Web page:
In this context, we present a case involving an RCC in a 28-year-old male, highlighting the importance of an accurate preoperative diagnosis based on radiological characteristics supported by the conjoined use of an innovative classification scheme for sellar cystic lesions and a diagnostic tree decision as an alternative to differentiate between cystic sellar lesions.


A 27-year-old man presented with chronic severe headaches with a history of pharmacological treatment without improvement and a 3-month history of progressive deterioration in visual acuity with blurring of his left-sided vision. On neurological examination, visual acuity in the right eye was reported to be 20/60 and 20/80 in the left eye with 2 mm isochoric pupils, normal light reflex, and bitemporal hemianopia. Extraocular movements were of full range, and fundus examination was within normal limits.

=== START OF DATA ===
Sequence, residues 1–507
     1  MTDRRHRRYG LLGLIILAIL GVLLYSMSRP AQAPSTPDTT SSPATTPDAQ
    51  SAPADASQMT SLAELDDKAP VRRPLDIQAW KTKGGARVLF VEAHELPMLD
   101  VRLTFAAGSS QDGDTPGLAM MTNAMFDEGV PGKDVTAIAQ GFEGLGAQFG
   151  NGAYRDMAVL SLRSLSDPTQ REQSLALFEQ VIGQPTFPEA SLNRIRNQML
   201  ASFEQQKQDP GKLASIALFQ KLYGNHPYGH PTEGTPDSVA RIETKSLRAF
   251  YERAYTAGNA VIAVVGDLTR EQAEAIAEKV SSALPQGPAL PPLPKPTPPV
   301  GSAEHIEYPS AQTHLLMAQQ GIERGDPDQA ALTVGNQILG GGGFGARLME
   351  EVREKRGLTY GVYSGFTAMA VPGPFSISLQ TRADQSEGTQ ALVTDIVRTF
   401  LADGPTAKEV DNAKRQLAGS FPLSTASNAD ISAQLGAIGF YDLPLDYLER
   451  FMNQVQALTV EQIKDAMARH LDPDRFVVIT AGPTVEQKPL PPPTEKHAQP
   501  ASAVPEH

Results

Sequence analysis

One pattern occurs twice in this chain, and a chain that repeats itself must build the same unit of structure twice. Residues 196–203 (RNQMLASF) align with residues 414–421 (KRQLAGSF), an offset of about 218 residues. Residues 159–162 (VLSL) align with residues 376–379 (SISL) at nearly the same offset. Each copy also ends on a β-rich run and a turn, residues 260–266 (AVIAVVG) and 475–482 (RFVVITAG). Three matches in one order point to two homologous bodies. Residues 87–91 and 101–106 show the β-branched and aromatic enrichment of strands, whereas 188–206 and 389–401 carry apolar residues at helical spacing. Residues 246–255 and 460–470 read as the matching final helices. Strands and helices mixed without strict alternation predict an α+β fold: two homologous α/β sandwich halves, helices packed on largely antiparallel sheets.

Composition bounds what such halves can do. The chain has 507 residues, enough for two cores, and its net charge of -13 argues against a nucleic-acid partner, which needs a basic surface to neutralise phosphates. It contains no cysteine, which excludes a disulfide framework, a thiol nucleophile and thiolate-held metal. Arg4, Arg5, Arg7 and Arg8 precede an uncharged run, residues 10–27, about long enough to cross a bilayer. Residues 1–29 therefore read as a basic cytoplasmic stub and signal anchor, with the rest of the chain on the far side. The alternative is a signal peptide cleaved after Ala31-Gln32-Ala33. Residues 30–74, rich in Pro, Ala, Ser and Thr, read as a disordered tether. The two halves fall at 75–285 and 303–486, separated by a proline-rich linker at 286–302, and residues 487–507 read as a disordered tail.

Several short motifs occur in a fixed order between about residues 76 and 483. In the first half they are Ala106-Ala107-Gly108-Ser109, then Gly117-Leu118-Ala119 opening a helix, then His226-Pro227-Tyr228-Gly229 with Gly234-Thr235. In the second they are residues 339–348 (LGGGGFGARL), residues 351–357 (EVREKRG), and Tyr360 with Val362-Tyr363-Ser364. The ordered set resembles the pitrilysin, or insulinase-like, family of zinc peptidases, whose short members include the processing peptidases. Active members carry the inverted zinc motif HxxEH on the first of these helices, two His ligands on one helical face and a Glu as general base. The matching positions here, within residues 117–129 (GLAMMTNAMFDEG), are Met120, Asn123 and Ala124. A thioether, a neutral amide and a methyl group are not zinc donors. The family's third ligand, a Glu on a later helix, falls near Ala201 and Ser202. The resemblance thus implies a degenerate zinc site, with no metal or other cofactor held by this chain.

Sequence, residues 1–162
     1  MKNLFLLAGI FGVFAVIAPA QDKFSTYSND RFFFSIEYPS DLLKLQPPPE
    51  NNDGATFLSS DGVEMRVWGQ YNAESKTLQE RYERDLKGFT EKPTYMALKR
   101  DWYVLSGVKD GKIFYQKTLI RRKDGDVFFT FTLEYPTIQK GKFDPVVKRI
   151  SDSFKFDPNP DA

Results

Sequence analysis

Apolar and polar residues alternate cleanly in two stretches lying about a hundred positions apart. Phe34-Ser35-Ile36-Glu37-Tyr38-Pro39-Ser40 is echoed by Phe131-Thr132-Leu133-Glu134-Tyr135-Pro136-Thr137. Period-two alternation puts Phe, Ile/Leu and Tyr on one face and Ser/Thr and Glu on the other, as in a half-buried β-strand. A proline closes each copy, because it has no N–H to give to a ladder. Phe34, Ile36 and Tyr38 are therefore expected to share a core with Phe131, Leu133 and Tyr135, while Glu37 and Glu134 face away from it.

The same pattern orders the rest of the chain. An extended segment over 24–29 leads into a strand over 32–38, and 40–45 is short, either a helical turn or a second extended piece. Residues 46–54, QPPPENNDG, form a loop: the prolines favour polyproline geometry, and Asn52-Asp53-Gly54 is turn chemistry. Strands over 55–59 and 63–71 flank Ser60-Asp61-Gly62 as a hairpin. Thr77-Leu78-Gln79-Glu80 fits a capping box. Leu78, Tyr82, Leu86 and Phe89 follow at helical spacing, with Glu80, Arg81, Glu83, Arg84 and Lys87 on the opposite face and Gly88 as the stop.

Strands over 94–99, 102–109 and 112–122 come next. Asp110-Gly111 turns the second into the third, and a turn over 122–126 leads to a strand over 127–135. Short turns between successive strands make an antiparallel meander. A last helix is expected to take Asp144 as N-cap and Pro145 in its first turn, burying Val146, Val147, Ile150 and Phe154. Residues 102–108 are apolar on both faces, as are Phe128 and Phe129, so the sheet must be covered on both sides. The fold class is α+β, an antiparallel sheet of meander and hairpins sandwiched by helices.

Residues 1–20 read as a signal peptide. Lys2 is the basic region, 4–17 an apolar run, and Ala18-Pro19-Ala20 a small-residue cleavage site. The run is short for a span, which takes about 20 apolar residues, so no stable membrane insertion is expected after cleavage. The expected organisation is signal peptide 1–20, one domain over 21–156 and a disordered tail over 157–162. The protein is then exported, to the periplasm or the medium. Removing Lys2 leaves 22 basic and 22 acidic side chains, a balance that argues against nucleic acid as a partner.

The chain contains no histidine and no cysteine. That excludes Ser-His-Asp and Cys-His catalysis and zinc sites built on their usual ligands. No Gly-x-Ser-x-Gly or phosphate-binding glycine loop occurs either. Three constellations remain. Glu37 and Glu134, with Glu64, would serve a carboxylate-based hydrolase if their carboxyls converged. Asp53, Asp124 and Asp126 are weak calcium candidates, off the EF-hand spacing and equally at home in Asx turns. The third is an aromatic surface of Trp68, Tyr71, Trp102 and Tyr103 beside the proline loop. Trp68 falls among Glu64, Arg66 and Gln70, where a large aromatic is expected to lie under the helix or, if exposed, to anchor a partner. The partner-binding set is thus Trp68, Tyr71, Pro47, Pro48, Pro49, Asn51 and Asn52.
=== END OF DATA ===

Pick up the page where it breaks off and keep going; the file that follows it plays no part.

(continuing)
A pituitary hormonal assay was carried out, revealing panhypopituitarism. MRI was deemed necessary, showing an intrasellar cystic image with peripheral enhancement with an intracystic nodule without a septum or compartments. Displacement of the optic chiasm and the anterior communicating complex were observed, as well as intralesional fluid level [ Figure 1 ]. The cystic lesion was classified independently by three neurosurgeons (J.J.C.H, E.C.O, and L.A.P.R). According to the Tavakol classification, a Type I lesion was defined as a well-circumscribed lesion with no solid components noted.[ 19 ] As for the Park’s diagnostic model, midline location, a negative fluid-fluid level, and the presence of an intracystic nodule made the diagnosis of an RCC most likely.[ 12 ] Both tools were employed by the three authors independently with the unanimous agreement on the diagnosis of an RCC. A surgical plan was defined and carried out.

Figure 1: